Signers Of An Anti-Exxon Letter Benefited From Big Oil Cash In The Past
The climate scientists who wrote a letter Monday urging a prominent science association to reject all funding from Exxon Mobil work for organizations that have greatly benefited from the oil company’s cash.
The universities employing climate scientists James Hansen, Michael E. Mann, Kerry Emanuel, and oceanographer Charles Greene — all of whom signed the anti-Exxon letter addressed to the American Geophysical Union (AGU) — are employed by organizations whose coffers were filled by Exxon money.
Columbia University, the academic institution employing Hansen, was the recipient of a nearly $220,000 donation in 2014, according to Exxon Mobil’s 2014 Worldwide Contributions report.
The numbers are similar for the institutions staffing Mann, Emanuel and Greene.
The Massachusetts Institute of Technology (MIT), which pays Emanuel for his services, is deeply intertwined with Exxon Mobil. MIT forged the MIT Energy Initiative (MITEI) in 2014 aimed at improving renewable energy sources and developing more efficient ways to produce fossil fuel energy.
“Partnerships with industry are critical to our ability to create positive change,” MIT President L. Rafael Reif said at a ceremony in 2014 tying the school and the company together.
He went on to say MIT learns from industry “customer needs, problems in the field, and opportunities for new technologies. … We transform what we learn into new solutions, ready to move from the lab to the market.”
MITEI also allowed Exxon to invest $25 million in MIT research over a 5-year stretch, all for the purpose of paying for student renewable energy research.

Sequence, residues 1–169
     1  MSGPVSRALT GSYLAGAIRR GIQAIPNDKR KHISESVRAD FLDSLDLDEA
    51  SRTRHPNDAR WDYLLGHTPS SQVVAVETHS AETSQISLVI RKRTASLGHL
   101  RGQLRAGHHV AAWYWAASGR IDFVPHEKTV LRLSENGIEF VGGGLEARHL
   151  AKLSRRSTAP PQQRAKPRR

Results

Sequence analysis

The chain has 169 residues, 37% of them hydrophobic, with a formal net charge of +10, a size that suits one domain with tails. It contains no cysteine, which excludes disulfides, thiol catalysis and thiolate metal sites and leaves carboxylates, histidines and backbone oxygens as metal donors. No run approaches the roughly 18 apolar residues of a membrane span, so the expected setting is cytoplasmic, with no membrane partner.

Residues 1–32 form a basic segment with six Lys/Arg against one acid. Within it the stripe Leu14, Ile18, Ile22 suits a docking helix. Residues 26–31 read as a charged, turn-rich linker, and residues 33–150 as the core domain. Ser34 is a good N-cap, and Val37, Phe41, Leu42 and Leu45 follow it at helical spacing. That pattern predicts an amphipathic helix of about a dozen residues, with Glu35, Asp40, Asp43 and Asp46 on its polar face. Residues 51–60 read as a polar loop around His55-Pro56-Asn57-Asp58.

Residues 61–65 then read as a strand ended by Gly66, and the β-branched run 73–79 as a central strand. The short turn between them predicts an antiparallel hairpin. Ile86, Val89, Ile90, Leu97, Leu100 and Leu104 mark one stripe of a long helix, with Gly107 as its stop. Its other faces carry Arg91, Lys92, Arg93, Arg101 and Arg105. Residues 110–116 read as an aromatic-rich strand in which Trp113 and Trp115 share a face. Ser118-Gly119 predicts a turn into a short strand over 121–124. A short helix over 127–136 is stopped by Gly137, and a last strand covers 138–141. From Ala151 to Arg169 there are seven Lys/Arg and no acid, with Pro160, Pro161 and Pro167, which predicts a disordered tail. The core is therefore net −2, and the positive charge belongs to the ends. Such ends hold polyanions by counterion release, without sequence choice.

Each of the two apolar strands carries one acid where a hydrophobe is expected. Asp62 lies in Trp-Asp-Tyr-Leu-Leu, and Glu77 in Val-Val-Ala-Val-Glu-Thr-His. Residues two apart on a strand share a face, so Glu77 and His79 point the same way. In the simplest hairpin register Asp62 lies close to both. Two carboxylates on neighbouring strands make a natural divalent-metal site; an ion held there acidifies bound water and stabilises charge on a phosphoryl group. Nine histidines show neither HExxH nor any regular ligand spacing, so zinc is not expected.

Aside from the MITEI deal, MIT raked in more than $350,000 in contributions during 2014 from Exxon under the company’s Education Matching Gift Program.
Pennsylvania State University, Mann’s employer, scored in excess of $300,000 from the oil giant in 2014.
But the biggest beneficiary to sign the anti-Exxon letter was Cornell University, which employs Greene. It received more than $450,000 from Exxon in 2014, according to the report.
The kerfuffle began after scientists, among others, pleaded with AGU to reject funding from Exxon, arguing any affiliation with the mega oil company would taint the group’s scientific integrity. AGU’s meetings are some of the largest science gatherings, drawing more than 25,000 people from all different science fields.
Hansen, Mann and the others were responding to reports issued by InsideClimate News and the Los Angeles Times allegedly showing that the oil company knew global warming was happening for decades, but refused to publicly acknowledge studies showing the existence of man-made global warming.
“In part [thanks] to Exxon, the American public remains confused and polarized about climate change,” the letter read. “And thanks in part to Exxon, climate science-denying members of Congress and lobby groups operating at the state level remain a major obstacle to US efforts to mitigate climate change.”
AGU, for its part, refused to bend to the letter, instead striking a defiant tone, telling the signers in a blog post Sunday their research shows no wrongdoing on the part of Exxon.
“One of these inquiries came in the form of a letter from a representative of the Union of Concerned Scientists AGU received last year. Because we take such concerns seriously, the Board conducted its own research and discussed the issue at great length during the September 2015 meeting,” the blog post reads.
It adds: “At that time, we decided that ExxonMobil’s current public statements and activities were not inconsistent with AGU’s positions and the scientific consensus.”
“[O]ur research did not find any information that demonstrates that they are currently involved in” any of the allegations, InsideClimate News reports.
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